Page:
What Is The Jodi Mindell Method? It May Sound Familiar
Sleep training can be a touchy subject for plenty of parents. After all, there are many different ways to approach your baby's bedtime routine, and what works like a charm for one child may only lead to long, sleepless nights for another. With this in mind, it's a good idea for caregivers to at least have a passing familiarity with the many sleep training methods available. For instance, what is the Jodi Mindell method, and how can it help your little one rest easy?
As the associate director of the Sleep Center at the Children's Hospital of Philadelphia, Mindell is one of the country's leading experts on infant and toddler sleep issues. She has written a number of books on her findings, including Sleeping Through The Night and Take Charge of Your Child's Sleep. These books outline her approach to sleep training.
In general, the Jodi Mindell sleep method relies on one particularly interesting finding: a child who is able to initially fall asleep without any help from parents is generally able to then sleep through the night, as noted by the American Psychological Association (APA). With this in mind, part of the sleep training method Mindell advocates does include the cry-it-out method, as further explained by the APA. Allowing your infant to cry at night is proposed as a method of self-soothing by many experts, including Mindell, but it's important to note that not all parents are a fan of this idea. At the very least, the cry-it-out idea inspires mixed feelings for many caretakers.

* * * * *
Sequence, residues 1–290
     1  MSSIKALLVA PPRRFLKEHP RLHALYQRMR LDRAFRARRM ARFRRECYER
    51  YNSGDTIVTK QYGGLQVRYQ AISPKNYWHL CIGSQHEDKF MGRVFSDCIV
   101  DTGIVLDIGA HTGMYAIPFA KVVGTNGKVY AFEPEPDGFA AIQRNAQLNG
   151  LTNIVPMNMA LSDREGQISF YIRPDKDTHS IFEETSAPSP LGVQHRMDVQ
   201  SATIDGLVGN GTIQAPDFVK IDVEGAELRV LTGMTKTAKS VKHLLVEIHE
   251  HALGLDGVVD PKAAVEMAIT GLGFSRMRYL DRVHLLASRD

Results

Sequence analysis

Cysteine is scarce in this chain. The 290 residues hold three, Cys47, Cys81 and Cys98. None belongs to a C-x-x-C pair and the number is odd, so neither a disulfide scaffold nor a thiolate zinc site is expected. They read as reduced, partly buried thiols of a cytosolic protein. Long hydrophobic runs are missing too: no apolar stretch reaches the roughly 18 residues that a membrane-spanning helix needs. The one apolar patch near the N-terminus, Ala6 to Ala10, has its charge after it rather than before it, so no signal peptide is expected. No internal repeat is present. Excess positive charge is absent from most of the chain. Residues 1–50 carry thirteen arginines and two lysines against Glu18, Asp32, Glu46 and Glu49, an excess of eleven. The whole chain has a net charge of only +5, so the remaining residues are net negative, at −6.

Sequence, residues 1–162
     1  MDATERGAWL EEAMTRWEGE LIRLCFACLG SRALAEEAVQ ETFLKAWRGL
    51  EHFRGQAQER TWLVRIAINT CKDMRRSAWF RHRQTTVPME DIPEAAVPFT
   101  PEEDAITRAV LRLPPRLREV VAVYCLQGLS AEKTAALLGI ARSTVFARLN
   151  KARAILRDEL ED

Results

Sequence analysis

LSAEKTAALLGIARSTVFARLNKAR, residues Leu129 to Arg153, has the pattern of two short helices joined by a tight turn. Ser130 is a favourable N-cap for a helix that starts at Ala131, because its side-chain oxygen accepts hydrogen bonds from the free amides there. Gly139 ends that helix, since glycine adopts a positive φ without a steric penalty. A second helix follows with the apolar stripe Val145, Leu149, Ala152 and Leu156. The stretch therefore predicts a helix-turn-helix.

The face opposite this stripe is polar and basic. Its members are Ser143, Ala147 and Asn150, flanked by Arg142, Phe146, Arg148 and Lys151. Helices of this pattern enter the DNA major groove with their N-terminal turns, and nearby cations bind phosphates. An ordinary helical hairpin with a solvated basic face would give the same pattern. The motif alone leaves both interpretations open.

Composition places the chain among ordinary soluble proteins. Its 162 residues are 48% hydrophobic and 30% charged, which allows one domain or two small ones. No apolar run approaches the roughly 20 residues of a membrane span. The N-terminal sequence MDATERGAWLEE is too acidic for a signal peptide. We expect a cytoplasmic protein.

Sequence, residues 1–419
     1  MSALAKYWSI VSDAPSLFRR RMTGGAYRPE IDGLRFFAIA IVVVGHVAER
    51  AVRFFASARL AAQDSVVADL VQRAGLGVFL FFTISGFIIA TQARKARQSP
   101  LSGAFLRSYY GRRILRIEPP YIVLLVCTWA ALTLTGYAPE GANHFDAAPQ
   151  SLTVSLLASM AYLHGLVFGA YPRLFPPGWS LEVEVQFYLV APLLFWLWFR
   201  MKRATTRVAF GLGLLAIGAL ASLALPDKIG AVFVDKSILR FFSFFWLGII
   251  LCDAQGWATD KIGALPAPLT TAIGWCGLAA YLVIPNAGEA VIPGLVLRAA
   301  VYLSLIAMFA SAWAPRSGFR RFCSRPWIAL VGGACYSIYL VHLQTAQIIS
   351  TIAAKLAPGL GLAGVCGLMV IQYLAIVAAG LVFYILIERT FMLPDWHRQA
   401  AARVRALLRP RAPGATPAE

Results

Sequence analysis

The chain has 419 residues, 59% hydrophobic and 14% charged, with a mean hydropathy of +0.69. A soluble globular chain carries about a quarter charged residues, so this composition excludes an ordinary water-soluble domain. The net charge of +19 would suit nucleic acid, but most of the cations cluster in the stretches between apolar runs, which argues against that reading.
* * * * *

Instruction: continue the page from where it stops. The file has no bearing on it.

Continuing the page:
Does the Jodi Mindell method sounds familiar? It is a variation of the Richard Ferber sleep training method, as noted by Baby Center. However, as further noted by Baby Center, her method is considered the "kinder, gentler" version of the Ferber method. If parents still feel wary about the idea, Mindell encourages them to consider the long-term benefits of healthy sleep habits. For instance, once you're over the initial difficulty of getting a child to sleep independently, both parents and children will likely benefit from the improved sleep hygiene that is to come, as noted by The New York Times. A few tears today may mean months of easier rest in the future.
Of course, no one sleep method is going to work for every family. And when you're trying to decide among all of the dizzying choices, from the Ferber method to the Mindell method or something else entirely, it can feel like you're the one who needs time to cry it out. Hopefully you and your family will find the sleep technique that works best for your needs, whatever that may be, and everyone can rest a little easier each night.